1. “If advocates have misjudged the mood of the Court, that would be an astonishing reversal for their efforts. The ruling late Wednesday in the Kansas case strongly suggests that, even if they have to wait ano...
1. Vox on how the Civil Rights Act of 1964, which was signed into law 50 years ago today, could protect LGBT workers now. 2. We don't often get to write the words “People are furious over Burger King's Gay P...
Phil Kent, an angry white man who wishes we lived in times where women were in the kitchen and people of color were, well, elsewhere, says the recent U.S. Supreme Court rulings on the Defense of Marriage Act and Prop. 8 was a "sad day for America."
Kent is a panelist on The Georgia Gang which airs every Sunday at 8:30 a.m. on Fox 5 Atlanta — and he's a die-hard very conservative Republican that can make you want to throw your coffee in his face except you don't want to mess up your TV.
Better Georgia, a new grassroots group working hard to turn Georgia from red to purple and eventually blue, points out this week that Kent is a Gov. Nathan Deal political appointee to serve on the state's Immigration Enforcement Review Board. Just so happens Kent is outspoken on his hatred for immigrants.
I'm in love. And I hope we all say, 'I do.' And how could you not to such a dapper looking group of people asking for our help to continue to fight for equality for all people.
Southerners on New Ground, celebrating its 20th anniversary this year, is honoring the Supreme Court rulings on same-sex marriage by urging LGBTQ people and allies to "Marry the Movement."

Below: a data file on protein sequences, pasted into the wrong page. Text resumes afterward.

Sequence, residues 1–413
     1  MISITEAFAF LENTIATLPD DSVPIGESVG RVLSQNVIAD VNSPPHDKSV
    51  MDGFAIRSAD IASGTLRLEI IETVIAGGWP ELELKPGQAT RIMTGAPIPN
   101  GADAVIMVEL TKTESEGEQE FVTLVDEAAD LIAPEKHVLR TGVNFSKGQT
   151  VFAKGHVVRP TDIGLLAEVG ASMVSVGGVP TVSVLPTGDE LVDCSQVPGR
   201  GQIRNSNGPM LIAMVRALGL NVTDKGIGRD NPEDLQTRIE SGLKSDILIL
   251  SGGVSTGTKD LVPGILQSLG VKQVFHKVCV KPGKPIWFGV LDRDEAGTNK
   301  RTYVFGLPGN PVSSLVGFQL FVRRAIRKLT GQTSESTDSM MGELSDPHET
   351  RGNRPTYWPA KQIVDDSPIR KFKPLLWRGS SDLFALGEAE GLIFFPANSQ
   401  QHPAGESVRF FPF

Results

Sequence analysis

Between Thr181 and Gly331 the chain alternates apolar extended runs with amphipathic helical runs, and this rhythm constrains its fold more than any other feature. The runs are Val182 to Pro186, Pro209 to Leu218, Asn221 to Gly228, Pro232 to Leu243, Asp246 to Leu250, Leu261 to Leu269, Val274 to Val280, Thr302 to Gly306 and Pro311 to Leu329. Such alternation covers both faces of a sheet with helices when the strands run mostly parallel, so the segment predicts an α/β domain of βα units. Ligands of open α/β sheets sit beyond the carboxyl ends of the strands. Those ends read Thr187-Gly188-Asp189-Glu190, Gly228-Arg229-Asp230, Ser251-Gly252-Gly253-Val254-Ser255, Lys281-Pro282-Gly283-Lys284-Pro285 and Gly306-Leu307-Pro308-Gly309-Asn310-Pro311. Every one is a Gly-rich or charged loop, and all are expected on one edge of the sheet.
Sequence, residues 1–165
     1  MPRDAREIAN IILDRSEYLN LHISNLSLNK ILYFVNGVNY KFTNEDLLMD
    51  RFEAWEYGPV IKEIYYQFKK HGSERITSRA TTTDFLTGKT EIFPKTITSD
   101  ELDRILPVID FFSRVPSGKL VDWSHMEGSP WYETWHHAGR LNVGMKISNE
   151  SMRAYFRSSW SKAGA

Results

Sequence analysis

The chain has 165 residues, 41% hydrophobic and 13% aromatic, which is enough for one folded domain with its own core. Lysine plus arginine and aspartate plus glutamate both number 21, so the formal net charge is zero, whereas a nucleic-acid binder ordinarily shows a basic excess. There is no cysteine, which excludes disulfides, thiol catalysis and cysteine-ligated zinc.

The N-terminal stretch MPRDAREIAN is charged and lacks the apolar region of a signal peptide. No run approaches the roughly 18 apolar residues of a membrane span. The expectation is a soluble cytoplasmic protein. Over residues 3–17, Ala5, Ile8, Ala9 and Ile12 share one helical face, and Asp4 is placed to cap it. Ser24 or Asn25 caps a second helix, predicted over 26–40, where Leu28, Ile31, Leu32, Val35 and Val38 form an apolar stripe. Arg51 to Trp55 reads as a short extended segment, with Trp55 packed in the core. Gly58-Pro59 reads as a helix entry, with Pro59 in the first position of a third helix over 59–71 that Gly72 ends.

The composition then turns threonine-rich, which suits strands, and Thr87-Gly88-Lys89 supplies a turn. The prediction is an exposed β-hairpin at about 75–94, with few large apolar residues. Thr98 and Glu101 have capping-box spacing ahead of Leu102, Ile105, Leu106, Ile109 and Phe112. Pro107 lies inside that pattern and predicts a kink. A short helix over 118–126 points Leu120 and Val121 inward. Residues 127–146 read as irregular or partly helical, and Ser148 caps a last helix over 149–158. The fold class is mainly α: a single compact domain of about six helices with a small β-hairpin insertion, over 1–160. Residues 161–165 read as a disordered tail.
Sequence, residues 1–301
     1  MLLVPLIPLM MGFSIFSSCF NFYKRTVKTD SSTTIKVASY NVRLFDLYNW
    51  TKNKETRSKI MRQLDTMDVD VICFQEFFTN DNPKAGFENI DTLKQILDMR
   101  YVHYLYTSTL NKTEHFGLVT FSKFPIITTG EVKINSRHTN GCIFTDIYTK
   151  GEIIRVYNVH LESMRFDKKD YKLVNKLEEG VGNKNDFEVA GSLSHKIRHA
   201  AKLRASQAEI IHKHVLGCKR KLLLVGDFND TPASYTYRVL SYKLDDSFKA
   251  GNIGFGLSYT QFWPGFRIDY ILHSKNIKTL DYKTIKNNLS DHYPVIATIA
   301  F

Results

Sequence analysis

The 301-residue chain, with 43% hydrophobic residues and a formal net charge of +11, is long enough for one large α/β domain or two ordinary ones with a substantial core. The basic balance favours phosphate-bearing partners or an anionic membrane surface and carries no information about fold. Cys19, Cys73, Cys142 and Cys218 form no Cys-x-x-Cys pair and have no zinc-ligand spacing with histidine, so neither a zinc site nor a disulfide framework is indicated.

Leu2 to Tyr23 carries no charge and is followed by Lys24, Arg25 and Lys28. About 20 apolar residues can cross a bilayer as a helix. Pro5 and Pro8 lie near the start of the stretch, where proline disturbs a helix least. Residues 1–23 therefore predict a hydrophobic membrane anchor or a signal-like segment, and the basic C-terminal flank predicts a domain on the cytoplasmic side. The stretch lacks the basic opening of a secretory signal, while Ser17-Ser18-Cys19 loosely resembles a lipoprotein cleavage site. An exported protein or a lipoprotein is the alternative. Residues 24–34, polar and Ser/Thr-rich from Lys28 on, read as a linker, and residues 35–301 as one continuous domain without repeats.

Check out this great video released the day after the historic SCOTUS rulings on DOMA and Prop 8 that features Atlanta-based LGBTQ leaders including Pat Hussain, Paulina Helm-Hernandez, Ashe W. Helm-Hernandez, Step Guillod and Holiday Simmons.
Tomorrow will be a historical day in the history of the fight for equality for all LGBT Americans when we learn what nine people in black robes think about our relationships.
Today we learned that a slim majority, 5-4, of the Supremes feel our country is enjoying a time of post racial progress and, to quote many others, gutted the Voting Rights Act and essentially erased the work of so many people during the civil rights movement.
Who voted how was not surprising: voting against the Voting Rights Act were Chief Justice John G. Roberts, who delivered the majority opinion. Joining Roberts were Justices Antonin Scalia, Anthony M. Kennedy, Clarence Thomas and Samuel A. Alito. Justice Ruth Bader Ginsburg wrote a "fiery" dissent, and she was joined by Justices Stephen G. Breyer, Sonia Sotomayor and Elena Kagan.